Contact: Norah Jones, Sasha Dobson, and Catherine Popper’s Super-Laid-Back Supergroup

Puss n Boots: “Music should always be this fun, but it’s not always quite this easy.”

Puss n Boots at the Jalopy Theater. Jacob Blickenstaff

Puss n Boots might be your typical bar band, playing for friends and free beer, if it didn’t happen to be comprised of multiple Grammy-winner Norah Jones, singer-songwriter Sasha Dobson, and Ryan Adams/Jack White bassist Catherine Popper. Starting in 2008, between albums, tours and other professional commitments, the three began playing and performing informal gigs in Brooklyn bars and small venues.

Their brand new album, out today, is No Fools, No Fun, a mix of live and studio recordings of originals and smartly chosen covers by Tom Paxton, The Band, Neil Young, Roger Miller, Wilco, and Leb Joy Nichols. The title comes from “Bull Rider” a song written by Rodney Crowell and recorded by Johnny Cash on his 1979 album Silver, describing the vagaries and glories of life at the rodeo…

By now he’s bucking mean and dirty
Slinging mud and cowboy boots and kicking clowns
No fools, no fun, bull rider

The album is intimate, casual, and easily approachable, which is somewhat remarkable given its creators’ demanding careers. I met up with them at the Jalopy Theater in Brooklyn after a long morning of taping performances and interviews.

Norah Jones: All three of us came about playing music through jazz, which is old-ass music. [Laughs.]

Sasha Dobson: You guys know I was a classical person, right?

Norah Jones: Well, that’s even older music!…And then we all kind of split off and ended up doing a lot of different things. But I think we’re all in the same boat: We love old music, we listen to a lot of old music. I think a lot of the covers just came from, “Hey, check out this song—let’s play it!” I’m from Texas, so I love country music. Catherine is from North Carolina, and Sasha is from Santa Cruz, but she loves country music, too.

Sasha: No Fools, No Fun seemed connected to who we are: outlaws in the sense of being an artist within regular society. Even when we make it as artists, it means that we had to completely commit to it, same as the bull rider. The first line is “Well, first you have to want to get off / Bad enough to want to get on him in the first place.”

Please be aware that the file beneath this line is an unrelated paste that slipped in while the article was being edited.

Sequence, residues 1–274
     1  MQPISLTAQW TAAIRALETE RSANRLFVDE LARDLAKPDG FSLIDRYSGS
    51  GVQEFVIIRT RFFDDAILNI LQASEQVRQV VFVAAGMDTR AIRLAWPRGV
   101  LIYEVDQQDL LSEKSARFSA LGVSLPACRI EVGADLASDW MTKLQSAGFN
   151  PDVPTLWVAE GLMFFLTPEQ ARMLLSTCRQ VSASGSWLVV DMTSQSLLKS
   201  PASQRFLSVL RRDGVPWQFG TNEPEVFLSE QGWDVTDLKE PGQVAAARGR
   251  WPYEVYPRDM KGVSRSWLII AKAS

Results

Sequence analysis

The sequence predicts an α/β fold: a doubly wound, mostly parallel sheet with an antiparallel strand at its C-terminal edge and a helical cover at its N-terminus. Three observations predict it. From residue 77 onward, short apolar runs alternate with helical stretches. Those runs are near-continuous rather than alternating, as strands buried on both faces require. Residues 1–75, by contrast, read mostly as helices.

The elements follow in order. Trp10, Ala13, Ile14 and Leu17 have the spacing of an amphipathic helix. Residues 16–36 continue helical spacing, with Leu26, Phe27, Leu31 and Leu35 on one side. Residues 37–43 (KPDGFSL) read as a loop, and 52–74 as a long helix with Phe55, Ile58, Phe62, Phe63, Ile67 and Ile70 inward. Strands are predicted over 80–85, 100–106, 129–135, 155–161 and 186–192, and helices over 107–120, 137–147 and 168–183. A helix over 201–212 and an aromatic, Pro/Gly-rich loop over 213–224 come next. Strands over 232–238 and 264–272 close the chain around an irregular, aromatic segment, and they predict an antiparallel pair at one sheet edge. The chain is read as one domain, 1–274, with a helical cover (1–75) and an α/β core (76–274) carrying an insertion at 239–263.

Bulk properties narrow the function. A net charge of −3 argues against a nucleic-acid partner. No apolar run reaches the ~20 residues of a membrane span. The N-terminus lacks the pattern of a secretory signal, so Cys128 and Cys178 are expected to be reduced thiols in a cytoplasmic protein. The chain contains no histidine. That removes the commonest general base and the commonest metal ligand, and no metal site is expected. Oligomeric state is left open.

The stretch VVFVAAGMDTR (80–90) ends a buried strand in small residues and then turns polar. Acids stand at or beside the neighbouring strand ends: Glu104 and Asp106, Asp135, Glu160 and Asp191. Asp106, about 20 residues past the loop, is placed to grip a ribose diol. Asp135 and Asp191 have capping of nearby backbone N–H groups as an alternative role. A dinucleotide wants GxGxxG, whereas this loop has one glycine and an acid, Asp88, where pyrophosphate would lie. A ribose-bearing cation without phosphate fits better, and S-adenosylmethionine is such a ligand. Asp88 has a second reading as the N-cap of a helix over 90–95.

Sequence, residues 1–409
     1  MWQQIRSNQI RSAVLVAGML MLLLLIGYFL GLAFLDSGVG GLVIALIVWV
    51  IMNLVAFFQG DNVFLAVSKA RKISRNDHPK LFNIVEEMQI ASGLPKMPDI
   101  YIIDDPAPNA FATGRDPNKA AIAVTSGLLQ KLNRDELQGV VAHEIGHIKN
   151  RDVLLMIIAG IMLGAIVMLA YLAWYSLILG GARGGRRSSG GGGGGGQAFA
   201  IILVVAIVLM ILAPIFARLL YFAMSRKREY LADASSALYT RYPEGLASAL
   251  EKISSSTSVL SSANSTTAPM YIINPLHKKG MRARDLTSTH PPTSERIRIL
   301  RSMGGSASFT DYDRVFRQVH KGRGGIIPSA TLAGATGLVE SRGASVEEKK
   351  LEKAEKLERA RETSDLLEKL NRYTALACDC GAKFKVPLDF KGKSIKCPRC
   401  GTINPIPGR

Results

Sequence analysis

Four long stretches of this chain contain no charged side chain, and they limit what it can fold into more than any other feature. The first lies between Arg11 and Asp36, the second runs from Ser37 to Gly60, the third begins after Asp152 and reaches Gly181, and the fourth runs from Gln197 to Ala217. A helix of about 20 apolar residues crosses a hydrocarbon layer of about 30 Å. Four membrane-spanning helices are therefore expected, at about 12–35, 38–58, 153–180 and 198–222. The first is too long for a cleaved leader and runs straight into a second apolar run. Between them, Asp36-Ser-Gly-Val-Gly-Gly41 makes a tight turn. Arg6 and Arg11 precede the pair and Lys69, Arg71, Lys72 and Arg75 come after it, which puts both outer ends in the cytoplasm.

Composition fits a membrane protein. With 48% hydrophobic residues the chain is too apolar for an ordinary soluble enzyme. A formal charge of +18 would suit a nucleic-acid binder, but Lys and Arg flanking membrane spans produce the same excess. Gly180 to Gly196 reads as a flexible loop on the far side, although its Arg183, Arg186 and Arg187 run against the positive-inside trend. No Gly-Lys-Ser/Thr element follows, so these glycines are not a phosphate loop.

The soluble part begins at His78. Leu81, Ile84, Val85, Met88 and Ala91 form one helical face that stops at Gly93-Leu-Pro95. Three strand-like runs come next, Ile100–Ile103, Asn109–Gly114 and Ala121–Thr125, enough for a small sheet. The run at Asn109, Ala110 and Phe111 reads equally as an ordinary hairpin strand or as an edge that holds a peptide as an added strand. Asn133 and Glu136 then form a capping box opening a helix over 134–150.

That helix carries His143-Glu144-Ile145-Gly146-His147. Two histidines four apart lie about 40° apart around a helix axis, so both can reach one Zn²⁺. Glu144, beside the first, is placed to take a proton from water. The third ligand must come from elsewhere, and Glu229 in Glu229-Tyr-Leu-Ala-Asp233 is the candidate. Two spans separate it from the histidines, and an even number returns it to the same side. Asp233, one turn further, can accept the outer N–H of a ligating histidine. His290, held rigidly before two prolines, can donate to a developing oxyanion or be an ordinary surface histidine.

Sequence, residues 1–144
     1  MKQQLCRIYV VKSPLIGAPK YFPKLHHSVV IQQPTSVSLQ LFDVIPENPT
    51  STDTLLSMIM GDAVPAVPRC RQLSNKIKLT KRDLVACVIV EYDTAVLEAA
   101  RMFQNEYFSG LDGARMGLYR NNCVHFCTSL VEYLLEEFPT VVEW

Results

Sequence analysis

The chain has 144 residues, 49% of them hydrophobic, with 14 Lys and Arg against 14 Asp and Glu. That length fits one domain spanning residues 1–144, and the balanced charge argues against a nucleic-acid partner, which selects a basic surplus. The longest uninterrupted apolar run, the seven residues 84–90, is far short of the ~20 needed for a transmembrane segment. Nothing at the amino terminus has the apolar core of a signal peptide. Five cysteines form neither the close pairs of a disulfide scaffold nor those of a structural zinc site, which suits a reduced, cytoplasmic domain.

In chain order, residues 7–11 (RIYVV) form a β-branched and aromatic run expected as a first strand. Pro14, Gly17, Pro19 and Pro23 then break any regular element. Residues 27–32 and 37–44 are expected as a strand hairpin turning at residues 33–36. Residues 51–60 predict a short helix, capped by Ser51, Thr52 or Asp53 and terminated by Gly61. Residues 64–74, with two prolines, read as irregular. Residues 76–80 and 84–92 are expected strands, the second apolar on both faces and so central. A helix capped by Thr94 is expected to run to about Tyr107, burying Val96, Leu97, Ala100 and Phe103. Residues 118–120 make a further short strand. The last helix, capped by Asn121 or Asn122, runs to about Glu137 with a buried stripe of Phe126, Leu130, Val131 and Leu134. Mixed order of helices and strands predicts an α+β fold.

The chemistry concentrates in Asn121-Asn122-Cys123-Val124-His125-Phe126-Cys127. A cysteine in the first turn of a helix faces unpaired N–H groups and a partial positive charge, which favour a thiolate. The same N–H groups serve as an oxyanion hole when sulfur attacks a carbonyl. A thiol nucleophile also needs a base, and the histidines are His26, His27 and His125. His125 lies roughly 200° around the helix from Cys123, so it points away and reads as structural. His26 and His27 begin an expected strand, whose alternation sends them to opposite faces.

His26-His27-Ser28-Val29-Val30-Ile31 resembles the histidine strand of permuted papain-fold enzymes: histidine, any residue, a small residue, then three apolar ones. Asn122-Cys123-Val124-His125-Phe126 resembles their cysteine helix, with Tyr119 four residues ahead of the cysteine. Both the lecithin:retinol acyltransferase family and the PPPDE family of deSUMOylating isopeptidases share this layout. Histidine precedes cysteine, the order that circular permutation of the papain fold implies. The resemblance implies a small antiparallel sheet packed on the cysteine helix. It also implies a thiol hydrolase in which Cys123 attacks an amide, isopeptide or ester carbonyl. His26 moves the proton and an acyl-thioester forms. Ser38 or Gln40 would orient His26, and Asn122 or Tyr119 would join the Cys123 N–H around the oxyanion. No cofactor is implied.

Norah: “Now that we’re putting a record out, there’s a little bit of, ‘God, I hope this doesn’t ruin it.'”

Catherine Popper: We’re all friends and it’s very causal in terms of, “You should check out this song I heard on the radio.” There’s not as much import around getting a certain sound, or a certain vibe. It’s just friends having fun and playing music, and it’s amazing. People enjoy it. It’s a great recipe.

Norah: There’s not a lot of forward-planning, just like, “Are you guys in town next month? Let’s jam, I want to play some guitar solos.” Music should always be fun—you said it well the other day: It should always be this fun, but it’s not always quite this easy. So it’s really nice to have a band where that’s the deal. And now that we’re putting a record out, there’s a little bit of, “God, I hope this doesn’t ruin it.” But it’s stayed fun because it started out that way, and we’re also not trying to be anything different from what we are when we play at Sunny’s in Red Hook. We’re totally the same. When you listen to the record, that’s what we are.

Sasha: So far, it’s carried us through all of it. Which is pretty different than what we are used to, which is hanging out with a bunch of drunk losers. [Laughs.] That’s where we’re comfortable. Something about not having to make all the decisions yourself—and all the pressure, and all of the eyes—no matter what it is, there’s something about We’re in it together. Even when you run your own band, it’s all fucking on you, everyone’s looking to you for answers.

Catherine: With this group, it’s like a kitchen, and the chef is the one who brought the song in and the other two are the sous chefs, and then then it rotates. I don’t have any projects like this. When I’m a hired gun, I don’t have as much say. Here it’s all a big collaboration, but I would maybe have more say on a song that I would sing.

Norah: We try to keep it even, but not in a rigid way. It’s pretty easy. We are all fans of each other’s songs, which makes it easier, too. We encourage each other. Like, I didn’t want to put my song on the album because I didn’t like something about recording it that day, but they encouraged me. It’s nice.

Catherine: No one’s really vying for anything in this band.

Sasha: We don’t necessarily want another project where we’re only doing our own music. It’s fun to incorporate a song of our own in a different situation, but the whole point is for me to do some of Cat’s music and some of Norah’s.

Norah: The apprehension for me, because I’ve put a lot of albums out, would be—shit, like today—it can be fun, but it can drain you and take the fun out of it, too. Doing a bunch of interviews all day can be really boring. But this doesn’t take the fun out of it because we’re doing it all together.

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